Florida lawmakers need to legalize open carry | Commentary
Florida’s Republican lawmakers have continuously campaigned on the claim that Florida is the “Gunshine State” and one of the freest states in the Union. Yet, under two decades of GOP leadership, our Legislature has failed to legalize the open carry of firearms, leaving us in the very small and very liberal company of only New York, Illinois, and California.
Since open carry was banned (at the urging of then-Dade County prosecutor Janet Reno), we haven’t seen a great reduction in crime. We can, however, analyze several incidents where honest citizens had their rights violated because of this policy.
Take a recent incident in Columbia County late last year, where James Hodges, who is legally blind, was reporting for jury duty. While walking to the courthouse, he was stopped, harassed and ultimately charged with obstruction without violence. His crime: carrying a folded seeing-eye cane for his visual impairment — but to the deputies on scene, the law-abiding citizen who was doing his civic duty appeared to be openly carrying a firearm.
More recently, in Volusia County, a father was openly carrying a firearm on his own property (the one situation where legal to do so) when his neighbor’s pit bull got loose. With his six-year-old daughter at his side, John Leggett had reason to be concerned since the dog was being aggressive towards his daughter, but Daytona Beach Police happened to arrive on scene at the same time for a welfare check on the neighbor, and upon seeing Leggett armed, the officers arrested him in total violation of existing law.
As a former cop, I can speak directly to the real issue at hand: the state’s ban on open carry puts police in confusing situations that normally wouldn’t even matter. Hodges would not have been so aggressively confronted near the courthouse on a public sidewalk, and Leggett would not have had his civil rights violated while he was protecting his daughter if our lawmakers had been willing to change course and join the near unanimous crowd of states that allow open carry in one form or another. While the authorities have dropped charges in both cases, that still cannot make up for the wrong that was committed.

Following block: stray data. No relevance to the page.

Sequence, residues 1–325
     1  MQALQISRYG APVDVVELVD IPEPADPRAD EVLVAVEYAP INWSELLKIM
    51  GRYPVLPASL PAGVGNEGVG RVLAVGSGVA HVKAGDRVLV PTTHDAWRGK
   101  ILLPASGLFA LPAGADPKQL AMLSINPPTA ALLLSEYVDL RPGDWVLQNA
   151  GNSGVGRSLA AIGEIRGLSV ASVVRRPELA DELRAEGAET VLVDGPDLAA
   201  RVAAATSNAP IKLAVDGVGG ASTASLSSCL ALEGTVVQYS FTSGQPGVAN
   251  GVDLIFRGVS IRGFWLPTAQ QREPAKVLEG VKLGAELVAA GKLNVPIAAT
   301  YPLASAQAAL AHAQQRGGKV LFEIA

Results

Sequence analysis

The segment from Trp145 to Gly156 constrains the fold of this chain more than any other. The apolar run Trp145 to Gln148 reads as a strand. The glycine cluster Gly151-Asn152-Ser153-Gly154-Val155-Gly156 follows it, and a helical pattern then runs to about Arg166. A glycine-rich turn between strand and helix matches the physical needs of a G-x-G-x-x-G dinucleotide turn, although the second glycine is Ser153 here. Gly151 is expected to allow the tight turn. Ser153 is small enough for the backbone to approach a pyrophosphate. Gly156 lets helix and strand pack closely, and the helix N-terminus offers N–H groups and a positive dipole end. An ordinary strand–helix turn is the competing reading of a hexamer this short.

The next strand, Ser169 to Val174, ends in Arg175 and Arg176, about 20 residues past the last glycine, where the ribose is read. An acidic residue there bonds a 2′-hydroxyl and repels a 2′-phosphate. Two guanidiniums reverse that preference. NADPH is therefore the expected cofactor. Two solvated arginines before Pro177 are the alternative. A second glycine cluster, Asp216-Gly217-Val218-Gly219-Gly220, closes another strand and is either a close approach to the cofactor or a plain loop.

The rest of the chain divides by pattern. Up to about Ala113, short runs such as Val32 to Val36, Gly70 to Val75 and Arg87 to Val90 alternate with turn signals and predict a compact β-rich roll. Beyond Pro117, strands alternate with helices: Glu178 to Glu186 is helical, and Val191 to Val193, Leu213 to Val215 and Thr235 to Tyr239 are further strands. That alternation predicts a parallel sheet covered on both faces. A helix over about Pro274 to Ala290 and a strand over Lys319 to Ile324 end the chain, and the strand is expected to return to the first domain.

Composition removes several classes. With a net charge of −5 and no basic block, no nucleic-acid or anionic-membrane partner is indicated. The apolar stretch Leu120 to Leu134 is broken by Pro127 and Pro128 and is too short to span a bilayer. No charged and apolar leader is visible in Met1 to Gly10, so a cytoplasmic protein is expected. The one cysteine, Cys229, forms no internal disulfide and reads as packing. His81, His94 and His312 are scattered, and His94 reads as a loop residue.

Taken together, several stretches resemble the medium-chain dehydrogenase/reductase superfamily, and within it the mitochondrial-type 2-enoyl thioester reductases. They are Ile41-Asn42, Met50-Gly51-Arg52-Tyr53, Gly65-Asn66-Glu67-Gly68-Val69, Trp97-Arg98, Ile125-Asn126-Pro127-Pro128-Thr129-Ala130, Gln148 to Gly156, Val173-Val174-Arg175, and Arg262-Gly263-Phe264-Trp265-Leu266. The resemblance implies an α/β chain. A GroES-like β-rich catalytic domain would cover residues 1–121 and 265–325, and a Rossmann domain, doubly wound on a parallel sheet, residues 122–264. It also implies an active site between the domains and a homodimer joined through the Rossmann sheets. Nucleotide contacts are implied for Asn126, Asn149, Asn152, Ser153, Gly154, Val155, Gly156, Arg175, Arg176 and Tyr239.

This past legislative session, Senate President Kathleen Passidomo claimed her opposition to open carry was because Florida’s sheriffs are against it. Yet, the current head of the Florida Sheriff’s Association, Bill Leeper of Nassau County, has previously stated his support for open carry, as have other Florida sheriffs like Wayne Ivey of Brevard County.
These lawmakers need to get their act together. Current State Supreme Court precedent, which dates to 2017, makes clear that under existing state law, citizens do not have a right to openly carry, rather, it is a privilege that can be granted by the state. This ruling now may directly contradict the landmark U.S. Supreme Court ruling from last year, which overturned several onerous state carry laws.
Yes, the Legislature managed to pass some semblance of pro-gun policy last year with permitless concealed carry, but that still leaves police stuck with a confusing exception and “We the People” in small and very liberal company.
The current ban has a racist past, is rightfully opposed by our governor, and deserves to be sent to the scrapyard of history. It doesn’t stop criminals from breaking the law, but instead simply prevents honest law-abiding Floridians from fully exercising their civil rights.
Just like a rattlesnake, a person openly carrying sends a message to would be bad guys: don’t even bother. Our lawmakers need to get their act together and give us the full-fledged rights the citizens of this free state are demanding.
Luis Valdes is the Florida State Director for Gun Owners of America, a no-compromise grassroots gun lobby with approximately 2.5 million members. He resides in Brevard County and is a former police officer and detective.